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Previous events > ScopeX 2014

ScopeX 2014 ATM Awards
by Chris Stewart

The purpose of the ATM awards is to recognise accomplishment and to spur people to stretch themselves, thereby advancing the intriguing art of amateur telescope making (ATM). By highlighting the merits of certain exhibits, it is hoped that others will adopt the good ideas and perhaps find way to make further improvements.
Instruments that previously garnered awards are not generally eligible for another, but significant improvements to those instruments might well. The judges may consider a component, a complete instrument or a body of work to be worthy.

The following characteristics are of particular importance:

Workmanship: Quality of finish, beauty, style, precision
Innovation: Application of new ideas, principles, materials, techniques
Ambitiousness: Difficult optical configuration, grand scope of project, courageous modifications
Ingenuity: Lateral thinking, unusual ways of solving old problems, interesting use of found materials

Once the selection has been made, the perceived needs of the recipients are as far as possible taken into consideration when deciding the allocation of the available awards. The items awarded are donated by commercial vendors, mostly in lieu of payment for exhibition space at ScopeX. We are grateful for their contributions to this special day.

Yet again we were pleased by the number of worthy examples of new and interesting items on display. In no particular order, here are the awards for 2014.

Peter Rendall has been busy, producing a slew of lightweight wooden tubes and experimenting with variations on the theme of polar disk mounts. His latest involves a metal base which folds up for storage and transportation. The declination assembly in wood sports a plate bearing comprising a Teflon sheet sandwiched between two Formica faces. All very stable, enough for at least a 10-inch Newtonian. Best of all, it can all be built fairly easily without the need for sophisticated tools. In time, it will be motor-driven. For this body of work, he received a Baader Planetarium 3.5mm Eudiascopic eyepiece, courtesy of Eridanus Optics.

Carmel Ives also showed off a polar disk mount, with an A-frame wooden tripod structure that folds flat for transportation. This design is simple to make, quick to set up, and particularly suited to our low latitude. Again it is amenable to retrofitting with an RA drive. This is worth emulating; if you want an equatorial mount and don’t know where to start, this is the one for you. These efforts garnered her an Orion 25mm Plossl eyepiece courtesy of Eridanus Optics.

Johan Smit has also been a busy boy. On display he had - in addition to several examples of his earlier works - a collimator system for binoculars, an “infinity finder” to allow autofocus cameras to get an infinity lock in the dark, and a camera tracking platform sporting a novel curved bolt drive system. Any one of these would have been a worthy contender. For this body of work, he was awarded a 2” GSO 50mm eyepiece from The Telescope Shop.

Michael Möller produced the second Kutter Schiefspiegler to have emerged from the ATM class. Embellished in a distinctly Steampunk style, this instrument sports a coffee can primary mirror tube and a drainpipe secondary tube. The latter incorporates a sliding lid to close the side aperture when not in use. Apart from using common found objects to good effect in true ATM spirit, he also crafted a rather nice wooden tripod worthy of supporting the OTA – a very necessary consideration for a long-focus instrument. And it certainly performs, as many visitors to the evening Star Party will attest. For this, he garnered a 2” GSO 42mm eyepiece from The Telescope Shop.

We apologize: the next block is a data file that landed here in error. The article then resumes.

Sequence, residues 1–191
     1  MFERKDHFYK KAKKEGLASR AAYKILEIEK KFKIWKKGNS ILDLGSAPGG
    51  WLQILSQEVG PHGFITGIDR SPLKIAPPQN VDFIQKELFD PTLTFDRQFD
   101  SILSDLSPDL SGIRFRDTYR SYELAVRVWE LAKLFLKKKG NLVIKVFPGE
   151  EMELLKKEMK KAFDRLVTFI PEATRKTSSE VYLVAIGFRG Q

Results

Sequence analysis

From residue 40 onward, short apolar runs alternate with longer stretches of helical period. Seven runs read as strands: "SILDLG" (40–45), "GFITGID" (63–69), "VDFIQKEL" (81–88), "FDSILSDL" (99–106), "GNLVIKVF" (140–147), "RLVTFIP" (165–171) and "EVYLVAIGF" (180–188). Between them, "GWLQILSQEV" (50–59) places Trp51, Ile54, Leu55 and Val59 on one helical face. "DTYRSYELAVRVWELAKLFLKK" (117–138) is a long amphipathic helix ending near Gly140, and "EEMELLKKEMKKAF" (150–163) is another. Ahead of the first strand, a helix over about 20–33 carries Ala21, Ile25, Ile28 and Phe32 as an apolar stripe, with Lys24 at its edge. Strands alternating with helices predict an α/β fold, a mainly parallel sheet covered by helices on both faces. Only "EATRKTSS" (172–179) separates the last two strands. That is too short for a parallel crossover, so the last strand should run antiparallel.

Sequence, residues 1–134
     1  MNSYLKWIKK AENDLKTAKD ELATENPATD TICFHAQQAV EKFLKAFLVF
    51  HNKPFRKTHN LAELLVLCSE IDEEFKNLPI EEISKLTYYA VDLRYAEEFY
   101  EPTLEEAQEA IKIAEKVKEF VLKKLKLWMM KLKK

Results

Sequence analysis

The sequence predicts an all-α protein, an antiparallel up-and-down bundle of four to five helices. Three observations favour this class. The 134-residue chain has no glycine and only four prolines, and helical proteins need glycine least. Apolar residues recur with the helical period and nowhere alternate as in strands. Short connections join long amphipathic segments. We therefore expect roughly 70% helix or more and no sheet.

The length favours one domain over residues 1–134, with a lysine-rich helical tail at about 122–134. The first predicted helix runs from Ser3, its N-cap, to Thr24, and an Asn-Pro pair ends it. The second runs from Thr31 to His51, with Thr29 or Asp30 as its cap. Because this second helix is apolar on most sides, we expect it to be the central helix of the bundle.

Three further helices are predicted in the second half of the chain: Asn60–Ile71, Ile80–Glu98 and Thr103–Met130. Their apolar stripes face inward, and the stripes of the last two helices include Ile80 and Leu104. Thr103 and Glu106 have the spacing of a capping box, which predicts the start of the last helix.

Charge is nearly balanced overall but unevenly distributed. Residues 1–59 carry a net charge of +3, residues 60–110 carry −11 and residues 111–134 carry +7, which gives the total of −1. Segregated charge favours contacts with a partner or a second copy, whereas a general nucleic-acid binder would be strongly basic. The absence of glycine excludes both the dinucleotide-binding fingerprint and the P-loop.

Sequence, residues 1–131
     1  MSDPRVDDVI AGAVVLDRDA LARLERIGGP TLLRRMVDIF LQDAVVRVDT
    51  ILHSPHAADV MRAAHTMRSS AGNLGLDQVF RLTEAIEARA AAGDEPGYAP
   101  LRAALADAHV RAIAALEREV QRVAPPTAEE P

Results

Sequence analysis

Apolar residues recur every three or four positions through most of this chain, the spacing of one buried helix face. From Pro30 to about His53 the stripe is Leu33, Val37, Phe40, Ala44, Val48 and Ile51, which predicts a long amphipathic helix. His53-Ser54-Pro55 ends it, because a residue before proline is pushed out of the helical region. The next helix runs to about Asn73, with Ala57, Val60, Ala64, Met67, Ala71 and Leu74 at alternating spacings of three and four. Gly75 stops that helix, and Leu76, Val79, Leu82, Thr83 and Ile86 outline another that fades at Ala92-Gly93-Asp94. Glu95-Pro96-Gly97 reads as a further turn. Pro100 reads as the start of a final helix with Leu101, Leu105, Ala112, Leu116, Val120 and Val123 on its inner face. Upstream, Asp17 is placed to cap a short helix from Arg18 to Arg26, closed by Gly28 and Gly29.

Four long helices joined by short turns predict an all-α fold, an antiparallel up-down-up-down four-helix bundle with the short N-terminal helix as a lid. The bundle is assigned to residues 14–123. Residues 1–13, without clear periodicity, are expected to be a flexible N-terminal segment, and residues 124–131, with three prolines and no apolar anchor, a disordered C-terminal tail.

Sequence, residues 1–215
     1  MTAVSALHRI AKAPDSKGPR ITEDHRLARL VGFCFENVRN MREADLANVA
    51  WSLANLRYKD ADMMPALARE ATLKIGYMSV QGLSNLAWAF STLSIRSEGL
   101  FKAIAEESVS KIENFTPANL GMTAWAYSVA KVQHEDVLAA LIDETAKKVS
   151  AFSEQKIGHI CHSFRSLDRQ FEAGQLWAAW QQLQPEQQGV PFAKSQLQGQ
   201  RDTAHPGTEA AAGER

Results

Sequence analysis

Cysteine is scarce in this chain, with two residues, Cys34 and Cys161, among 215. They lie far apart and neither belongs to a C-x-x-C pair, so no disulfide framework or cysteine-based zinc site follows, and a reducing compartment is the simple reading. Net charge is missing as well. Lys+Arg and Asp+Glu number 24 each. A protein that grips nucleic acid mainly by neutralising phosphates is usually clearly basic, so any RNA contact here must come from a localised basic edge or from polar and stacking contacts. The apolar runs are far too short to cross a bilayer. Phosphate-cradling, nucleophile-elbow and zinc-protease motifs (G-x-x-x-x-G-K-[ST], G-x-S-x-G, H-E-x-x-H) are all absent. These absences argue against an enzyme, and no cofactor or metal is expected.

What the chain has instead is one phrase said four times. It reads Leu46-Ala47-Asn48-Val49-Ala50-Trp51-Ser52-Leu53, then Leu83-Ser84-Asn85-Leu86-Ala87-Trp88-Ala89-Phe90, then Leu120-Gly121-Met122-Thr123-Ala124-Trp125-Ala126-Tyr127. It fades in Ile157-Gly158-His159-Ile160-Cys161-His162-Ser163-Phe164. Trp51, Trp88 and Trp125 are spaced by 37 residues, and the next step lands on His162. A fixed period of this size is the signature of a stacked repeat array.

Eric Slaghuis produced a singularly elegant minimalist Dobsonian; lightweight, yet stable and rigid, from wood. Many passers-by paused for more than a moment to admire the multifaceted wooden tube. And then they came back again for a second look. Seasoned ATMers did more than pause, they lingered covetously. For this beautiful handiwork, Eric received a 2” GSO 30mm eyepiece from The Telescope Shop.
Dave Hughes took an ancient derelict optical tube assembly which had been donated to the ATM class, and turned it into something special. Recognising that it followed the style of Texereau, he went the whole hog to resurrect it in a way that would have made even Texereau proud. This entailed refurbishing and modifying the tube, refiguring the mirror, making new mirror cell and spider, building a mount from scratch, and so forth. In the end, only the wood of the tube, the glass of the mirror and the altitude trunnions could be said to remain of the original. A super effort, with an excellent steel tripod/pier, it was much admired. For this, he was awarded a 2” Baader ND filter, courtesy of The Telescope Shop.
Again, thank you to our kind sponsors for the prizes. Well done to everyone who participated. Thanks for spending many hours patiently explaining and showing off your instruments to the visitors under the blazing sun – and then wowing them with views of the night sky in the evening. Each year brings something new and sometimes themes emerge. This time, several innovations on show are likely to spark minor revolutions, i.e.: polar disk mounts, DC motor drives, curved bolt sectors and autofocus assistance for astrophotography. These advances to the art may seem small, but are certainly not insignificant. What will we see next year?

ATM Judges: Chris Stewart, Dave Blane, Chris Forder


 
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